encapsulation, including the GRE information. Notice that since you disabled
encryption, you can easily read the plaintext strings of the telnet session in
Wireshark.
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Figure 11-1: Detailed Packet Data on Telnet String Sent From R1
Based on this output, you can see how easy it is for someone who is in the path
of sensitive data to view unencrypted or clear text traffic.
Now, you will reapply the cryptography settings on R1 and R3 and begin a
telnet session from R1 to R3 as before.
Begin by reapplying the crypto maps you removed earlier on R1 and R3.

R1(config)# interface fastethernet 0/0
R1(config-if)# crypto map mymap

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R3(config)# interface serial0/0/1
R3(config-if)# crypto map mymap
Start the packet capturing again in Wireshark, and then issue the same telnet
sequence that you did previously.

R1# telnet 172.16.3.1
Trying 172.16.3.1 ... Open


User Access Verification

Password:
R3> enable
Password:
R3# show ip interface brief
Interface IP-Address OK? Method Status
Protocol
FastEthernet0/0 unassigned YES unset administratively down
down
FastEthernet0/1 unassigned YES unset administratively down
down
Serial0/0/0 unassigned YES unset administratively down
down
Serial0/0/1 192.168.23.3 YES manual up up
Serial0/1/0 unassigned YES unset administratively down
down
Serial0/1/1 unassigned YES unset administratively down
down
Loopback0 172.16.3.1 YES manual up up
Tunnel0 172.16.13.3 YES manual up up
R3#exit

[Connection to 172.16.3.1 closed by foreign host]
R1#
End your Wireshark capture when you are finished with the telnet session.
As far as the user is concerned, the telnet session seems the same with and
without encryption. However, the packet capture from Wireshark shows that the
VPN is actively encapsulating and encrypting packets.
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Figure 11-2: Detailed Packet Data on Encrypted Telnet String Sent From R1
Notice that the protocol is not telnet (TCP port 23), but the Encapsulating
Security Protocol (ESP, IP protocol number 50). Remember, all traffic here
matches the IPSec access list.
Also, notice that the source and destination are not the actual source and
destination of the addresses participating in this telnet conversation. Rather,
they are the endpoints of the VPN.
Finally, and most important, if you look at the contents of these packets in
Wireshark, no matter how you try to format or filter them, you will not be able to
see what data was originally inside.
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The encryption suite provided by IPSec successfully secures data through
authentication, encryption, and data-integrity services.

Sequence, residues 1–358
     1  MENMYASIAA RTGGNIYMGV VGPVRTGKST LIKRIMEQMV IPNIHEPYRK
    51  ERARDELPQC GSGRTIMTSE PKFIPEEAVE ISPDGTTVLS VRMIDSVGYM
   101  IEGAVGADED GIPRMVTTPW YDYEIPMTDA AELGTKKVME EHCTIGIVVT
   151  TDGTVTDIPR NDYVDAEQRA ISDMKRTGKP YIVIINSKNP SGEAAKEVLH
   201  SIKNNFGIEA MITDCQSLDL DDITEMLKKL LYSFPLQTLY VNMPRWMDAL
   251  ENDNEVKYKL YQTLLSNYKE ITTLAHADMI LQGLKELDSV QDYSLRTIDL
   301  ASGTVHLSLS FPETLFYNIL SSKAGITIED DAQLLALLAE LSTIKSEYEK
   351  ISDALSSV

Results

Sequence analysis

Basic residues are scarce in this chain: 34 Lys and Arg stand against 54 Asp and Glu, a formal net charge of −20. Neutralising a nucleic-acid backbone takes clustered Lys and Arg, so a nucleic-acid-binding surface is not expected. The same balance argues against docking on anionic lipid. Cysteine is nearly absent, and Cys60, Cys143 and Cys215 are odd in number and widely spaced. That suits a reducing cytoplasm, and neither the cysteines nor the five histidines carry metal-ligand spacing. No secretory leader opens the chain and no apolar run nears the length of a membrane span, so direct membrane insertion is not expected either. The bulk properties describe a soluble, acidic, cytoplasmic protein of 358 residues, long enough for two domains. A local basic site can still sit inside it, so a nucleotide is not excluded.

Final Configurations
R1# show run
!
hostname R1
!
crypto isakmp policy 10
authentication pre-share
group 5
lifetime 3600
crypto isakmp key cisco address 192.168.23.3
!
crypto ipsec transform-set mytrans ah-sha-hmac esp-aes 256 esp-sha-hmac
!
crypto map mymap 10 ipsec-isakmp
set peer 192.168.23.3
set transform-set mytrans
match address 101
!
interface Tunnel0
ip address 172.16.13.1 255.255.255.0
tunnel source FastEthernet0/0
tunnel destination 192.168.23.3
!
interface Loopback0
ip address 172.16.1.1 255.255.255.0
!
interface FastEthernet0/0
ip address 192.168.12.1 255.255.255.0
crypto map mymap
no shutdown
!
router eigrp 1
network 192.168.12.0
no auto-summary
!
router eigrp 2
network 172.16.0.0
no auto-summary
!
access-list 101 permit gre host 192.168.12.1 host 192.168.23.3
end

R2# show run
hostname R2
!
interface FastEthernet0/0
ip address 192.168.12.2 255.255.255.0
no shutdown
!
interface Serial0/0/1
ip address 192.168.23.2 255.255.255.0
clock rate 64000
no shutdown
!
router eigrp 1
network 192.168.12.0
network 192.168.23.0
no auto-summary
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!
end

R3# show run
hostname R3
!
enable secret 5 $1$kkTj$cIYDuP2yz3vA1ARGVwxd11
!
crypto isakmp policy 10
authentication pre-share
group 5
lifetime 3600
crypto isakmp key cisco address 192.168.12.1
!
crypto ipsec transform-set mytrans ah-sha-hmac esp-aes 256 esp-sha-hmac
!
crypto map mymap 10 ipsec-isakmp
set peer 192.168.12.1
set transform-set mytrans
match address 101
!
interface Loopback0
ip address 172.16.3.1 255.255.255.0
!
interface Tunnel0
ip address 172.16.13.3 255.255.255.0
tunnel source Serial0/0/1
tunnel destination 192.168.12.1
!
interface Serial0/0/1
ip address 192.168.23.3 255.255.255.0
crypto map mymap
no shutdown
!
router eigrp 1
network 192.168.23.0
no auto-summary
!
router eigrp 2
network 172.16.0.0
no auto-summary
!
access-list 101 permit gre host 192.168.23.3 host 192.168.12.1
!
line vty 0 4
password cisco
login
end